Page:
Deeply committed photographers see a camera at the end of their arm more often than their fingers. They invest the time to build a powerful body of work that represents their talents and they believe—really believe—that their work can move people. They constantly expand their skills and stretch themselves to make their pictures stronger and more valuable.
But for many, that’s where the path reaches a dead-end.
Whenever I gather with fellow photographers during the holiday season, the topic invariably turns to plans and strategies for the coming year. This season, one pro mentioned that he planned to do more personal work. Another said that he intended to begin scanning his archive of film to post on Photoshelter. Still another said he planned to shoot more video for clients. When it was my turn to make a pledge for the new year, I said, “continue to ask for the work.”
My friends probably expected me to say that I was going to keyword all of my old files or something else that might fit my OCD tendencies. Admittedly, asking for the work is an odd-sounding resolution. But, it’s a commitment I had to make at the beginning of my career, and one I continue to make in order to insure that it remains healthy.
I should probably mention that if you’re someone who believes that every one of your images should be published and that every potential client should hire you, this post will be paragraphs of typographic electrons you don’t need. I wish I was more like you. I’m genuinely envious of your self-confidence and asking for what you want is likely something you already do quite well.
“They’re for the photographer who is still waiting for the phone to ring and doesn’t know what to do next.”
These words are for the photographer with a fine portfolio of work who wants to be found, who wants to be hired, and who wants to be valued. They’re meant for someone who knows they deserve the work, but is afraid of being told no. They’re words of encouragement for the photographer who is still waiting for the phone to ring and doesn’t know what to do next.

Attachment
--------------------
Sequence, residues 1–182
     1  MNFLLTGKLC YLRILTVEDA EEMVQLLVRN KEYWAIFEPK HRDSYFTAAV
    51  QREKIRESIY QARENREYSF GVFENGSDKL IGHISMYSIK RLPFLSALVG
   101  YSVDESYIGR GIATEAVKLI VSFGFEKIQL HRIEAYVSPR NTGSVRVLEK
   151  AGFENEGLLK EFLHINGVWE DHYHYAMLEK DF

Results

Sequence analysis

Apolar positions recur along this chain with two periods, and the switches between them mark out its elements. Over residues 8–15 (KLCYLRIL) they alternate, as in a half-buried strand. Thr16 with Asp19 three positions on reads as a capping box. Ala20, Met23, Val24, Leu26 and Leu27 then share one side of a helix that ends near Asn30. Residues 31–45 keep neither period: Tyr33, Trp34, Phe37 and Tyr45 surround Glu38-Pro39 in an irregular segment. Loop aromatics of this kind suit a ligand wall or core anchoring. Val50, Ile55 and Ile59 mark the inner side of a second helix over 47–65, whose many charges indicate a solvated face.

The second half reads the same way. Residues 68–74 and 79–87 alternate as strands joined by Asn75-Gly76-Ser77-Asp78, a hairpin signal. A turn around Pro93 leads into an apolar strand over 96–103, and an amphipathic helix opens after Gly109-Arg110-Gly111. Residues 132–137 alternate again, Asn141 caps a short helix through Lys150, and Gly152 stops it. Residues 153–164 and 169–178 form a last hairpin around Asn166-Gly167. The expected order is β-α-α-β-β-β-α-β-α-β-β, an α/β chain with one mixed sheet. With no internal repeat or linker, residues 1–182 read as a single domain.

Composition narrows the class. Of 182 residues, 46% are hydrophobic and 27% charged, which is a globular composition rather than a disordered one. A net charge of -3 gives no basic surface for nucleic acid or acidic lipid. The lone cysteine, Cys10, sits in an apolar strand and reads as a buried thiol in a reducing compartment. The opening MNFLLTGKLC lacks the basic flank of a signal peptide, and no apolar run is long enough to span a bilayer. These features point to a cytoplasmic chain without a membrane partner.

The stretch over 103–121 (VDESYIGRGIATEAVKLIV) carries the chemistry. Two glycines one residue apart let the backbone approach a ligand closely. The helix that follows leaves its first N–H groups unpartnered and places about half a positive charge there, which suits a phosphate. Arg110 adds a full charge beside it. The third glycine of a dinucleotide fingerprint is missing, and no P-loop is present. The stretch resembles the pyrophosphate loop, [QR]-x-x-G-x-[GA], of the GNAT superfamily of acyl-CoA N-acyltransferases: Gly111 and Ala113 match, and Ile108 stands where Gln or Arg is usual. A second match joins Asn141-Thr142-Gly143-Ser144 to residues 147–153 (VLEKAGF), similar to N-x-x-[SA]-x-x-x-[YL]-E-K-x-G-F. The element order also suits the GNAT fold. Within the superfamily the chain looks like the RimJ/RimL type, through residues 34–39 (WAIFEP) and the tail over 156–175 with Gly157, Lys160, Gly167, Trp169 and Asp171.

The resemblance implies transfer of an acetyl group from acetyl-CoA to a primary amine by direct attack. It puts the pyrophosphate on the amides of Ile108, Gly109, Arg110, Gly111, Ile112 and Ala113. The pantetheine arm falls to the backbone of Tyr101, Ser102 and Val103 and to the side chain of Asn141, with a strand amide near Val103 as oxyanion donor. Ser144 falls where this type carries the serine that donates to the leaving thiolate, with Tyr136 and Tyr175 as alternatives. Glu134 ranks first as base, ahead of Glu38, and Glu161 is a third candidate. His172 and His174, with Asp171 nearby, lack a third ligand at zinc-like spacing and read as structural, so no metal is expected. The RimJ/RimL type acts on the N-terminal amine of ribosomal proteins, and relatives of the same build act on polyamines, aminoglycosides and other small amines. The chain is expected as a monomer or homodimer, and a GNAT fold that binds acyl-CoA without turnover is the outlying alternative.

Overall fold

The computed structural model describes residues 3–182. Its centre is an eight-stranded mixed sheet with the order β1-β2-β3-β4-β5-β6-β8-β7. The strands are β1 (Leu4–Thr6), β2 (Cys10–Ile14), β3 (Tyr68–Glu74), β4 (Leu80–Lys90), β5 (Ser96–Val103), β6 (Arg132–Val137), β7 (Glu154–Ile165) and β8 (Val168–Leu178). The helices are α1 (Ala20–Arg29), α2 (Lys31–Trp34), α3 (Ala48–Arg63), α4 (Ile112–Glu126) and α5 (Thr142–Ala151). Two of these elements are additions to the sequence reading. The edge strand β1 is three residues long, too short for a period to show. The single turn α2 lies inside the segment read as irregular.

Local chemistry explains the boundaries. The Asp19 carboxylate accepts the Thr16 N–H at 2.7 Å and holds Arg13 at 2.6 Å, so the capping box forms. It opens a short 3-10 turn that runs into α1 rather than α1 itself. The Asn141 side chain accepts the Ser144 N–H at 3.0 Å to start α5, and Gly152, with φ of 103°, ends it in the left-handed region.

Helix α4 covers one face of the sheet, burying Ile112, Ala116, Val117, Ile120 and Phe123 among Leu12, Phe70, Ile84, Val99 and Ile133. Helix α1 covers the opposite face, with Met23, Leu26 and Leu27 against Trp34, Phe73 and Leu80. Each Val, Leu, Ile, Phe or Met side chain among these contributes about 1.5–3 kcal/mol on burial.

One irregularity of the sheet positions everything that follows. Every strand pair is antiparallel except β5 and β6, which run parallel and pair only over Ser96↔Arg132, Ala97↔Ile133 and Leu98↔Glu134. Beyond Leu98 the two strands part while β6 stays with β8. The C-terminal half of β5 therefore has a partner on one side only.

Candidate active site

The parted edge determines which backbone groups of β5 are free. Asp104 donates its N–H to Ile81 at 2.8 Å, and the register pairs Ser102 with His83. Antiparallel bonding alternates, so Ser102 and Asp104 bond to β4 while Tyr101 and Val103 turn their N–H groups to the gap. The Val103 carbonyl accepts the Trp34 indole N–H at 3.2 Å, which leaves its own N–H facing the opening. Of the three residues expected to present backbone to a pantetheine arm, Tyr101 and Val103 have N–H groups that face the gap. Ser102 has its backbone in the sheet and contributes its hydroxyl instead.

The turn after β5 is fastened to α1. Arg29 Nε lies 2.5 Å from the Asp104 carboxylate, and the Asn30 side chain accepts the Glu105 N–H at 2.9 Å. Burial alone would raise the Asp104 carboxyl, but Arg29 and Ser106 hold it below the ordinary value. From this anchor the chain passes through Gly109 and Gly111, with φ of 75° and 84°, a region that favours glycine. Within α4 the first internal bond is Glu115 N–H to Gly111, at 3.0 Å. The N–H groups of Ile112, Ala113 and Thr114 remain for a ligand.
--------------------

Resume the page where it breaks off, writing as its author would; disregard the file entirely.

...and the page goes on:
You simply need to ask for the work.
You have to pick up the phone, sit down at the keyboard, or drop a letter in the mailbox. The opportunity to be discovered begins with you. There are people who need your work, clients who will value you, and publications that will improve once your pictures are printed upon their pages. But you have to let them know you exist.
It’s not unlike the high school dance where people put their fears aside, take someone by the hand, lead them to the dance floor, and find themselves embracing the one person they always wanted to hold close. Suddenly, because they asked for what they wanted, they are living out a dream.
A photography career requires a similar leap of faith. Like most things in life it involves uncertainty and risk, but the rewards are truly amazing. Taking a chance leads to second dates, and second assignments. They lead to new experiences, and new clients. They lead to relationships, and careers.
You just have to ask.
Joey Terrill is a Los Angeles-based photographer with clients that include American Express, Coca-Cola, Disney, Golf Digest, Major League Baseball, Red Bull, and Sports Illustrated. He teaches workshops and speaks at seminars including the Summit Series Workshops, WPPI, Atlanta Photojournalism Seminar, UPAA Symposium, World in Focus, and Nikon School.